By Michelle Trauring
“When I was a kid, I discovered that I had great prestige in the neighborhood. My friends could ask me to draw anything, which turned out to be, almost in all cases, naked ladies. They would describe the exact position and physical characteristics, and I could do that, on request. Sort of a short transition between that beginning and what eventually became my career.” – Milton Glaser, “To Inform & Delight”
Paul Davis knew the name before he knew the man.
Freshly graduated from the School of Visual Arts, Davis walked into the ground-floor studio of a brownstone on 31st Street in Manhattan — the starting point of his career as a graphic artist, and his official introduction to the legendary Milton Glaser.
It was the fall of 1959 and, by that time, Glaser was a household name. His graphic design firm, Push Pin Studios, was an “exciting, young, new studio,” Davis said, and after three months as an assistant, the principal promoted him to an illustrator.
“It was a giant leap forward in my career,” explained Davis, who will participate in a panel on Thursday night following the screening of “Milton Glaser: To Inform & Delight” at the John Jermain Memorial Library in Sag Harbor. “The work they were doing was not like anything else that was around. At first, I didn’t know anything about Milton personally, but I knew his work. And then we became good friends.”
Arguably the country’s foremost graphic designer, Milton is a native New Yorker, through and through, educated first at the High School of Music and Art, and then The Cooper Union — where he met Seymour Chwast, Reynold Ruffins and Edward Sorel.
Together, they co-founded Push Pin, which acted as a launch pad for Glaser, who would go on to start New York magazine and design firms WBMG and Milton Glaser, Inc., spawning a prolific body of work, which includes the “I (Heart) New York” logo, described as “the most frequently imitated logo design in human history.”
In 2009, President Barack Obama presented Glaser the National Medal of the Arts — making him the first graphic designer to receive this award.
“Milton is certainly one of the greatest American graphic designers ever,” Davis said. “He’s had more influence over the business than almost anybody that I can think of. I can’t even name all the clients and things he’s done. And he’s still working and growing. He does more and more things, and he’s taken it further than almost anyone.”
During his days at Push Pin, Davis would often watch Glaser at work. He was fluid and gifted, Davis recalled, and never outwardly seemed to struggle. A spontaneous fountain of ideas, Glaser — who is now 88 years old — was the clear leader of the group.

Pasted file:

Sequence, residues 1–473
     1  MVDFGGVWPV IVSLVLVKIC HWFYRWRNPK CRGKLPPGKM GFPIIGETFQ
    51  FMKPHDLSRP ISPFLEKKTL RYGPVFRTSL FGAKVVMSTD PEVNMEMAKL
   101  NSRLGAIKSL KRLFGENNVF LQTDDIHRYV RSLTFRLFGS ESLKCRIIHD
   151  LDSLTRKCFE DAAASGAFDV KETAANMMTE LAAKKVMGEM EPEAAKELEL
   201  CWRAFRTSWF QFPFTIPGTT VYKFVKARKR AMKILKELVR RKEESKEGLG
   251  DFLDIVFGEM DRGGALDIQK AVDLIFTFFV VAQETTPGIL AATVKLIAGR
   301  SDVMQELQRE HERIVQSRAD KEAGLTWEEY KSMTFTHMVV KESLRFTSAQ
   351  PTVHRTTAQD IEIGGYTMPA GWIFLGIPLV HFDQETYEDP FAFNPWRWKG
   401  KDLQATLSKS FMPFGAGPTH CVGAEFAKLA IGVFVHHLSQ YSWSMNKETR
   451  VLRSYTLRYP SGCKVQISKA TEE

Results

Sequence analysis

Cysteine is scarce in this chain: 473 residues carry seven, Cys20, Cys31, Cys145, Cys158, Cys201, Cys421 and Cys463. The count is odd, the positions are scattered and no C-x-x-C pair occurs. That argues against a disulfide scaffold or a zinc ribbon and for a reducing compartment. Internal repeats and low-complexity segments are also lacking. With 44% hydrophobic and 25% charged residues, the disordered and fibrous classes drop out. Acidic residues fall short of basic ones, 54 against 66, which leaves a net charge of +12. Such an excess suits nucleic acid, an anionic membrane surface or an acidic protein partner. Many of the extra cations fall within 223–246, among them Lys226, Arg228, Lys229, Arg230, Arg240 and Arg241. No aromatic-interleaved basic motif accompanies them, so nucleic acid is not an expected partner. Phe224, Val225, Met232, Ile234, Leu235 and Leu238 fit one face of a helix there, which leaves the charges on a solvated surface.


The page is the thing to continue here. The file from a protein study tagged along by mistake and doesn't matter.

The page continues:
“He was always a very dominant and decisive person. He always seemed to know who he was and he always seemed to be in charge of the situation,” Davis said. “He was very clear and he was always so talented and so able to produce an enormous amount of work in a day or a week or a month. He would be doing three and four and five things at once. It was astonishing to watch.”
One summer, the entire studio moved to Woodstock — “We did it so we could all have a house in the country for a month,” Davis said, “and it was great, but it didn’t work out or become a tradition” — but most of their warm afternoons were spent outdoors in the brownstone’s garden, eating sandwiches from the nearby Italian joint, listening to Glaser play his banjo.
“We’d sing songs. There was one song that I remember that we sort of made up,” Davis recalled with a laugh. “I don’t remember who started it, but it was called ‘Rejection.’ We were pushing borders and doing things that were a little more … Well, our clients would send us a layout and we didn’t always follow it — sometimes we didn’t follow it at all, and we’d do something else. So the art directors would get upset with us and we’d have to do it over.”
Hence “Rejection,” he said — a tongue-in-cheek coping mechanism of sorts.
“There was a lot of experimentation. Our style was so eclectic and, to some extent, it was recycling earlier styles and attitudes that had persisted in graphic art over the years,” Davis said. “I worked there for about three years before I went out on my own. But Milton was really a wonderful mentor to me, and we remain friends to this day.”
“Milton Glaser: To Inform & Delight,” a film by Wendy Keys, will screen on Thursday, October 19, at 7 p.m. at the John Jermain Memorial Library in Sag Harbor, in conjunction with the Hamptons Take 2 Documentary Film Festival. A panel discussion with four of his former colleagues — Paul and Myrna Davis, Reynold Ruffins, and Walter Bernard — will follow. For more information, call (631) 725-0049 or visit johnjermain.org.